The U.S. Olympic gold medalist Ryan Lochte has been charged by Brazilian authorities for filing a false report during his stay at Rio while participating in the Rio 2016 Olympics.
He will be charged as he remains in the U.S. and will be able to choose whether he would like to plead defense in Brazil. The indictment has been forwarded to the International Olympic Committee’s ethics commission. The 32-year-old swimmer reported that he alongside three other swimmers were robbed at gunpoint. Filing a false report could have him incarcerated for six months, although he has to step in Brazilian territory for the sentence to be applied.
An Olympic scandal
The Olympic swimmer appeared on television apologizing for “exaggerating” the events, as it appears that he and the other swimmers were vandalizing a gas station, which they also urinated on. Nearby security guards pointed a gun at them and demanded a payment for the damages. The security guards’ statements match surveillance footage recorded that night.
He argued that the events were the result of too much drinking, as he also provided the report while intoxicated. He also talked to NBC’s correspondents about the events and exaggerated the whole account. The story cost Lochte several partnerships as he was widely criticized in both Brazilian and American media outlets.
The other swimmers were also caught in the controversy. Jack Conger and Gunnar Bentz were able to escape the country while James Feigen was forced to pay a fine equivalent to $10,800. As they were interviewed, each swimmer gave their own version of the story.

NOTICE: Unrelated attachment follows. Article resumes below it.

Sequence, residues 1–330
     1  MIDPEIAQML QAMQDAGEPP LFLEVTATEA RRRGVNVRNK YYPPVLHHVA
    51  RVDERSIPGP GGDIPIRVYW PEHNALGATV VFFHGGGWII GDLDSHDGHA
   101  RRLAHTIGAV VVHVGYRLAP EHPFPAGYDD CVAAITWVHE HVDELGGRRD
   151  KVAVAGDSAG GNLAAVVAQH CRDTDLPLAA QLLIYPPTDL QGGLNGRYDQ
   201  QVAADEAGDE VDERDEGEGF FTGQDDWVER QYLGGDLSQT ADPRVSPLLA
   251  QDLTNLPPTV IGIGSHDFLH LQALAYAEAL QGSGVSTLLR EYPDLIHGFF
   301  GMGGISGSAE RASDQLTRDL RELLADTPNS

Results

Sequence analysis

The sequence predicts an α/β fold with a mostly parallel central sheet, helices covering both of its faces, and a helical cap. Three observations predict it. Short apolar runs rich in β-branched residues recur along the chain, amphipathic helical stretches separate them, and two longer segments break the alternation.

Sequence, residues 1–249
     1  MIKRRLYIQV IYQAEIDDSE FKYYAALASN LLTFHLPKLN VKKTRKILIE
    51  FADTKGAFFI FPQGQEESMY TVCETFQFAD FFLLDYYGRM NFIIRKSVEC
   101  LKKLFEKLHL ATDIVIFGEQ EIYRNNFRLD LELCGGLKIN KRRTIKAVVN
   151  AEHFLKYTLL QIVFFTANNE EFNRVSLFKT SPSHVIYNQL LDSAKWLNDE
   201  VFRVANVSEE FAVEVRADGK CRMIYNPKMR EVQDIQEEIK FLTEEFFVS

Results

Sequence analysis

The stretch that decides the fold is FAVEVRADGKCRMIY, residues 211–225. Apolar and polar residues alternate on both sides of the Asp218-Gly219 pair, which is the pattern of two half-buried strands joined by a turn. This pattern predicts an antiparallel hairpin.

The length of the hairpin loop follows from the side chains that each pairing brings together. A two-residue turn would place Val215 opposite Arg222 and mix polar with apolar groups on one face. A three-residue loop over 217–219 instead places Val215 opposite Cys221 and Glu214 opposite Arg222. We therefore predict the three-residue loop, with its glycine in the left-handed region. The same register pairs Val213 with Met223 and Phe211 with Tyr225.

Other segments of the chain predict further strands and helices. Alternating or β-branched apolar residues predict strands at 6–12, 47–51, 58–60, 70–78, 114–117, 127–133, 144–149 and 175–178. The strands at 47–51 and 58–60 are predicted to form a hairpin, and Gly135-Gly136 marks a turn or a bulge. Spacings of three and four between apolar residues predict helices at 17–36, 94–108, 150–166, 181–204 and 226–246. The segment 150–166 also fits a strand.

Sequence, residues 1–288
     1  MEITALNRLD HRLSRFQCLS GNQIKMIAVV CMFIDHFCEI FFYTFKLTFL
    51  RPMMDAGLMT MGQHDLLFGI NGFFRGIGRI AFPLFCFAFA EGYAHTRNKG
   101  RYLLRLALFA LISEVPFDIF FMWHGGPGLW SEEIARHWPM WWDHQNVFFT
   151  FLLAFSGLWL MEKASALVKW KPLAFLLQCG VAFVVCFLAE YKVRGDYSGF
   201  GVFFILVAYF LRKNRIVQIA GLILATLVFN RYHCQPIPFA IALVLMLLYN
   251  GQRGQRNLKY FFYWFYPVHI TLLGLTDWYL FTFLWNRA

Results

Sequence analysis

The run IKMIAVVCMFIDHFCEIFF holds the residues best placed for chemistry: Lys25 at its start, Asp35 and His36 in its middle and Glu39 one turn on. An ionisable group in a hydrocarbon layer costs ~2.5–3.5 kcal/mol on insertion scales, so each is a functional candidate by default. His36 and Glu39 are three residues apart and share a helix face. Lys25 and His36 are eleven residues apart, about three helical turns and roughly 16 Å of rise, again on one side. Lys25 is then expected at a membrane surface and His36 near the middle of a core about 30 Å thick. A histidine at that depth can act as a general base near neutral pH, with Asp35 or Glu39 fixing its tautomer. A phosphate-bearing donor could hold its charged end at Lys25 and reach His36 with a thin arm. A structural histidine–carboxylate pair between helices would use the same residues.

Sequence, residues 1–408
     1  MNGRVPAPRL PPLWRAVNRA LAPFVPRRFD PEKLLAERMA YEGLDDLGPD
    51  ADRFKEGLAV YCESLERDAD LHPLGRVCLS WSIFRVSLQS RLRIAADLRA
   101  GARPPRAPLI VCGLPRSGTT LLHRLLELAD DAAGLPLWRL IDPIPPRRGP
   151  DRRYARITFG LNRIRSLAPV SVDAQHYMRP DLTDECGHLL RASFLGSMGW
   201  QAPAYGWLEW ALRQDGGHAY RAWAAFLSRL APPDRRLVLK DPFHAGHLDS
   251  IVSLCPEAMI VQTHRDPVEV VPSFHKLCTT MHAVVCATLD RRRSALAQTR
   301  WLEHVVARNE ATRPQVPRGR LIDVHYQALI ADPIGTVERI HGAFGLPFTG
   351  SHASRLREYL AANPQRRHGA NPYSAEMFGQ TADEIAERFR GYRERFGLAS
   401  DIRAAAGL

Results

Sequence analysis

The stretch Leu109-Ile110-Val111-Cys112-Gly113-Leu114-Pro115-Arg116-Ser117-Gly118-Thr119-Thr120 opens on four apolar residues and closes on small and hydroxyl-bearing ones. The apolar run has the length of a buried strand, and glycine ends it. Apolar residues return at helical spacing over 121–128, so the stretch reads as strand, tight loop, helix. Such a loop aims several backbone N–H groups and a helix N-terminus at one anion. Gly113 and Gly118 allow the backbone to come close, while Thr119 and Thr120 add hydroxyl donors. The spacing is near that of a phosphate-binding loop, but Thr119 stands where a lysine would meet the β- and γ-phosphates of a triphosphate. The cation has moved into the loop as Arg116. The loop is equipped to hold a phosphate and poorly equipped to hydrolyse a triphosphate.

Will Lochte lose his gold medal?
Although Lochte appears to be off the hook for now, authorities of the U.S. Olympic Committee have expressed their intentions of pressing the issue, which could ostensibly result in the removal of Lochte’s gold medal.
The International Olympic Committee is the main authority when determining if an athlete has violated any rules of the Olympic Games. The committee is able to strip Olympic honors and ask for the return of the medals. Even if a single team member violates the rules, the committee can strip the whole team of its medals.
Most of the cases of stripped Olympic medals have occurred due to doping, unlawfulness in the athlete’s participation in sport, and lack of sportsmanship. For example, Soviet weightlifter Ibragim Samadov was stripped of his bronze medal after hurling it to the floor as he “stormed off the stage during the awards ceremony.”
The committee can also restore stripped Olympic medals, but it is not a common procedure. Most of the events have occurred due to a direct infringement of Olympic rules, not because of ethics or law matters. The committee will have to evaluate whether they are entitled to remove Lochte’s fourth medal, which he earned without the help of narcotics and following every guideline set by the officials at the Olympics.
Source: Washington Post